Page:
For awhile now, I've been feeling that my morning coffee was poisoning me. It used to be fairly harmless: eight ounces of half-caf, with a little milk and sugar. No biggie, right? Then I started using those frightfully unwholesome creamers that contain high fructose corn syrup ( the crack-cocaine of sweeteners), titanium (a no-nonsense "whitener"), and tons of artificial flavors and other unpronounceable ingredients. The next thing I knew I was drinking fourteen ounces of strong coffee with another couple ounces of syrupy creamer.
I knew I should get off the stuff, but that wasn't working out, so two nights ago I put my coffee pot away and decided to go cold turkey. The next morning, predictably, my monkey mind started screeching and jumping about wildly in its cage. The fact that I had gone to the trouble of hiding the coffee maker served as distressingly irrefutable evidence that I had an "issue."
I started looking for a loophole. Maybe I could have the coffee without the creamer. Or the creamer without the coffee (Aaacckk!!!). Maybe I could have the coffee with raw honey or stevia extract for sweetener. Or I could switch to decaf and still enjoy the heavenly sweet titanium. Perhaps I could have the usual, but in a smaller cup. Embarrassingly, this went on for awhile, as if it were a reasonable problem-solving session. But then I had an epiphany.
In that moment, I realized that no matter what I decided to do about the coffee, (even if I never touched the stuff again) it wouldn't solve the craving that lurks beneath it. The coffee is not the problem. The caffeine and the sugar are not the problem. The carbs and the fats are not the problem. We can ban one food, substance, or behavior after another, but trying to control ourselves will never address the inner cravings and the outer compulsions, and until we face them adequately, they will keep acting themselves out in our lives.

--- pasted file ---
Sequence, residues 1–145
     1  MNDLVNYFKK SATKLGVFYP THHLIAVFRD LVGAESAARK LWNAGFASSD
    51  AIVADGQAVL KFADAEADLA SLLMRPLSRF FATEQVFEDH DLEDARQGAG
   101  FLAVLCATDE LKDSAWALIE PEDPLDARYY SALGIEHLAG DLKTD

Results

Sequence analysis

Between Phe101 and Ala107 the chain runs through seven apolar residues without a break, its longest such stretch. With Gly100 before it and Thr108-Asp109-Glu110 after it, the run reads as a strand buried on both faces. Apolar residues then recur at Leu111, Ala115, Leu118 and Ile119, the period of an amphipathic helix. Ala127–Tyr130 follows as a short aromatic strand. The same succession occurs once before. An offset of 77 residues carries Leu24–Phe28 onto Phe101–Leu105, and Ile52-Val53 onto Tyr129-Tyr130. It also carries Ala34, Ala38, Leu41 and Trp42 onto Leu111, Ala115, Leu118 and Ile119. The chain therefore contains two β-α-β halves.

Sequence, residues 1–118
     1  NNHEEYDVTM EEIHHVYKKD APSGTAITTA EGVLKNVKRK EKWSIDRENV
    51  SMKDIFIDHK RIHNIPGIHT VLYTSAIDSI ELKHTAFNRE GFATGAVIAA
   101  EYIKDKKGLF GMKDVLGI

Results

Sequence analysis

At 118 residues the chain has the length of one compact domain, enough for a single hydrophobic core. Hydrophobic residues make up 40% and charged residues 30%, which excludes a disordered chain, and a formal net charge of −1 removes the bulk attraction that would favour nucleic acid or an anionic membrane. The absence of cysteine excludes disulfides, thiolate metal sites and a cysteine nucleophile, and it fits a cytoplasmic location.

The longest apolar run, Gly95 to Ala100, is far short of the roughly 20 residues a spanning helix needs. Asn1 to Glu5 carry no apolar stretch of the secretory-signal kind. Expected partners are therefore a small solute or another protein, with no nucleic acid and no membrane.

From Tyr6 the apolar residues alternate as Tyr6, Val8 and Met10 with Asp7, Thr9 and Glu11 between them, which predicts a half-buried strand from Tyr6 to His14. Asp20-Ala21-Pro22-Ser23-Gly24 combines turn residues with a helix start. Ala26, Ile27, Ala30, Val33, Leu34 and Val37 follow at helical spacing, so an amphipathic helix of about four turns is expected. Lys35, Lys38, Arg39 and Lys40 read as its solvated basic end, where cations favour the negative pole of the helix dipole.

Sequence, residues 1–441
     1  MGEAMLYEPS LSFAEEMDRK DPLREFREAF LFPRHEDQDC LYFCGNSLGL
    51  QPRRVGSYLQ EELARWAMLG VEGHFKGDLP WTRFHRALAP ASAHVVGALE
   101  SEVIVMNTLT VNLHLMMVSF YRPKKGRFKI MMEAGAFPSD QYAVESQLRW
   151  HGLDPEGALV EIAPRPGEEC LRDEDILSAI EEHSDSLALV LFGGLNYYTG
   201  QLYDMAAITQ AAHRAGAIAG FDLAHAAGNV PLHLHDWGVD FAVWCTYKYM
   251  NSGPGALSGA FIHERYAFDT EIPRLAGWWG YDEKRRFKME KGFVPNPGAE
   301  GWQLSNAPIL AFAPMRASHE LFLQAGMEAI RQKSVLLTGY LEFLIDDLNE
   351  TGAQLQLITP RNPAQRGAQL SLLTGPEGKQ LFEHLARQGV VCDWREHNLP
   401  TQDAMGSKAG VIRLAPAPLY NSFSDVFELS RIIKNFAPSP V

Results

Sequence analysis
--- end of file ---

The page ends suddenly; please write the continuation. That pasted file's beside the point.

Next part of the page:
These cravings represent a cry for help from within. We may be stressed out, angry, lonely, depressed, frightened, emotionally overwhelmed, bored, etc., but we don't always know how to address or manage these thoughts and feelings, so we ignore them in hopes that they'll just go away. But they don't, and they keep surfacing over and over again, in the same or different form until they are properly addressed.
Please join me here next week when we continue this discussion. I will share a couple great techniques for getting to the bottom of the cravings and compulsive behaviors. The most important thing, perhaps, is recognizing that our old ways of denial, avoidance, and control no longer work, and we need to be courageous enough to take a look at what's operating below the surface.
(Note: this morning I didn't think about coffee at all. Miraculously, the monkey was off my back, at least for today. How did this happen? I believe the realization that coffee was just coffee, and not an emotional life raft, caused it to lose it's power over me).